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How-To Guide on Navigating Section 38 of the Canadian Immigration and Refugee Protection Act: Medical Inadmissibility Rules
Navigating immigration laws can be a daunting task. Particularly, Section 38 of the Canadian Immigration and Refugee Protection Act, which pertains to medical inadmissibility, can be quite complex. This guide provides step-by-step instructions to help you successfully navigate through this section.
Step 1: Understand the Basis of Section 38
This section is centered around “excessive demand on health or social services”. Essentially, people are considered inadmissible to Canada if their health condition might cause an excessive demand on public health or social services.
Step 2: Familiarize Yourself with the Exceptions
Understand that refugees, their dependents, or family members are typically exempted from medical inadmissibility rules.
Step 3: Identify What Constitutes an ‘Excessive Demand’
This refers to potential demands on health services that may exceed the average Canadian per capita health services over a projected period of five years.
Step 4: Learn How Medical Examinations Work
All applications for permanent residency must undergo a medical exam. However, this exam can also be requested from temporary residents. The medical examination includes a physical examination, chest x-rays, and blood tests.
Step 5: Gather All Medical Records
Be prepared to provide comprehensive medical records, including previous diagnoses, treatments, and prognosis from your home country.
Step 6: Understand Possible Outcomes
Immigration officers will evaluate your medical condition, anticipated treatment costs and whether these would impact negatively on Canadian health or social services.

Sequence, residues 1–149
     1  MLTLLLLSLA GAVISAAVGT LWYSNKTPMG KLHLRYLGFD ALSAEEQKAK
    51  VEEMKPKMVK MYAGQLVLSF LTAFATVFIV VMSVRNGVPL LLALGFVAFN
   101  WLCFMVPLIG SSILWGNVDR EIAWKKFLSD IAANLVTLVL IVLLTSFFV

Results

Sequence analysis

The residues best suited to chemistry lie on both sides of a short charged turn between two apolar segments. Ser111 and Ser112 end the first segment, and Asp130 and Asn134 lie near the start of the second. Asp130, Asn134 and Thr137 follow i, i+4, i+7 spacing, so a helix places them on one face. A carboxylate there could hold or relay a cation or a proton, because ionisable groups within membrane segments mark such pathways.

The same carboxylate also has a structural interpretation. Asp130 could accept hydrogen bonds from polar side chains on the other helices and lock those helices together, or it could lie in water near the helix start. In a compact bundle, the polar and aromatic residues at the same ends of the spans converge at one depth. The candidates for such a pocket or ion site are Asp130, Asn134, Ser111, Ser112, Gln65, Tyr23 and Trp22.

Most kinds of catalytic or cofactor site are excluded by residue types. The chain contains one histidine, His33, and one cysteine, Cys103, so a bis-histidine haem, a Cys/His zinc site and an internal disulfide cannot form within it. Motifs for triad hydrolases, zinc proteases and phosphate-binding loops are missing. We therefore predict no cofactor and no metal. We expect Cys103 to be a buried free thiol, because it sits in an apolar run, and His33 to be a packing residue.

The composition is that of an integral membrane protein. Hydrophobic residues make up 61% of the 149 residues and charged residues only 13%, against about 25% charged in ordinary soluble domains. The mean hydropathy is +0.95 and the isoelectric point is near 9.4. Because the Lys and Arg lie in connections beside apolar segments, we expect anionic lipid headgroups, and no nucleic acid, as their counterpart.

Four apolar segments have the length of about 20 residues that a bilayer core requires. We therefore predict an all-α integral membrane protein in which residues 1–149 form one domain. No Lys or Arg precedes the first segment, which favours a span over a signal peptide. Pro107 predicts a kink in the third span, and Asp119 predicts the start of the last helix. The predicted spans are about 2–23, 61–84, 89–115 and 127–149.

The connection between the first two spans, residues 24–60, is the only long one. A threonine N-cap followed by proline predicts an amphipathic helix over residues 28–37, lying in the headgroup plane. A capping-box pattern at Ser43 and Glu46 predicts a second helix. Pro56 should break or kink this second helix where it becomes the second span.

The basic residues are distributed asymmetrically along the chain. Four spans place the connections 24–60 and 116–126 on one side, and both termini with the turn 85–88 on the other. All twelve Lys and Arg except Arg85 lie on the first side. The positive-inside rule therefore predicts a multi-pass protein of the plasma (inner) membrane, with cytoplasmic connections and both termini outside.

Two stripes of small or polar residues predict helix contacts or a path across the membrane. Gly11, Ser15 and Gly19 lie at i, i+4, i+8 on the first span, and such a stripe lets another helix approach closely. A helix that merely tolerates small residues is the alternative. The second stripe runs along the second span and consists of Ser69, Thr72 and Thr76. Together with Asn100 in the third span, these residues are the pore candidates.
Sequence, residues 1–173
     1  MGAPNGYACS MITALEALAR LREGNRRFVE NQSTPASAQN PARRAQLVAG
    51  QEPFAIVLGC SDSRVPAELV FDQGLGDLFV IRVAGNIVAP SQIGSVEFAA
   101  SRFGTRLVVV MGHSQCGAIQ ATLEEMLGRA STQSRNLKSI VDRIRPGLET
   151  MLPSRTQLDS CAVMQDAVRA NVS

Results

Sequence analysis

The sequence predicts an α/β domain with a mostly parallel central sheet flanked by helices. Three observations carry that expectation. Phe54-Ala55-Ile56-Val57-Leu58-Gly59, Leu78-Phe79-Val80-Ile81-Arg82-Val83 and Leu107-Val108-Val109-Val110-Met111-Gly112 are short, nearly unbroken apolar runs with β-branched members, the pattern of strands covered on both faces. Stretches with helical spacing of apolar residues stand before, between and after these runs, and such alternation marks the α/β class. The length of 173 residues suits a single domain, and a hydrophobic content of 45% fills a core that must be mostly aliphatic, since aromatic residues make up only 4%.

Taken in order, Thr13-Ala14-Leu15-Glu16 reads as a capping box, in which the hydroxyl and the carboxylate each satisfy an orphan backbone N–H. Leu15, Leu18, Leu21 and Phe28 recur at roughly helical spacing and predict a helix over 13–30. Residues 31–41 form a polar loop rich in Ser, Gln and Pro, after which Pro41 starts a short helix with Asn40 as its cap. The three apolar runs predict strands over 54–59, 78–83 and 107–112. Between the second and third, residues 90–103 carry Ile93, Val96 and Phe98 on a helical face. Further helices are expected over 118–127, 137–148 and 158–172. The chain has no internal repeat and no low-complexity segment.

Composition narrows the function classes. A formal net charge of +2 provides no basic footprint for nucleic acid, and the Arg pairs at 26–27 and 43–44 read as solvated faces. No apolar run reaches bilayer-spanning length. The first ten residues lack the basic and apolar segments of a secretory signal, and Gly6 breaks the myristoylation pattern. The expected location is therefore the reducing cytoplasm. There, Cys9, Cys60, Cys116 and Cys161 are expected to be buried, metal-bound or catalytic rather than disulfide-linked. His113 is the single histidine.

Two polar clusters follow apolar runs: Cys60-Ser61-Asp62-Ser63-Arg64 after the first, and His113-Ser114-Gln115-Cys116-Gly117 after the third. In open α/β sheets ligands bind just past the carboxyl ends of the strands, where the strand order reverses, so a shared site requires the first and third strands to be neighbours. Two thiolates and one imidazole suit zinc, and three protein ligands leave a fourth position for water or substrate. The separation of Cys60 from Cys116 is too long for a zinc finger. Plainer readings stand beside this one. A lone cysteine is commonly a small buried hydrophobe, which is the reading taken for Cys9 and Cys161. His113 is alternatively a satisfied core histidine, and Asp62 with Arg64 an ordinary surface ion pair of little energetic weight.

Step 7: Prepare for a Fairness Letter
If your application is likely to be refused due to medical admissibility, you will receive a procedural fairness letter. This allows you to respond and provide any additional evidence or arguments before final decision.
Step 8: Crafting Your Response
You must demonstrate that your demand is not excessive, or that you have a detailed payment plan, demonstrating your health condition will not be a burden on Canadian Health services.
Step 9: Explore the Humanitarian and Compassionate Grounds
If you believe that being denied entry to Canada would result in unusual and undeserved hardships, you may apply for an exception on Humanitarian and Compassionate grounds.
Step 10: Seek Legal Advice
Finally, this process can be quite intricate. It’s wise to seek advice from an immigration lawyer who specializes in medical inadmissibility. They can guide you and potentially increase your chances of success.
Remember that each case is unique, and outcomes can vary based on a host of factors. Therefore, it’s crucial to fully understand the process and rules and consider seeking expert advice when navigating Section 38 of the Canadian Immigration and Refugee Protection Act.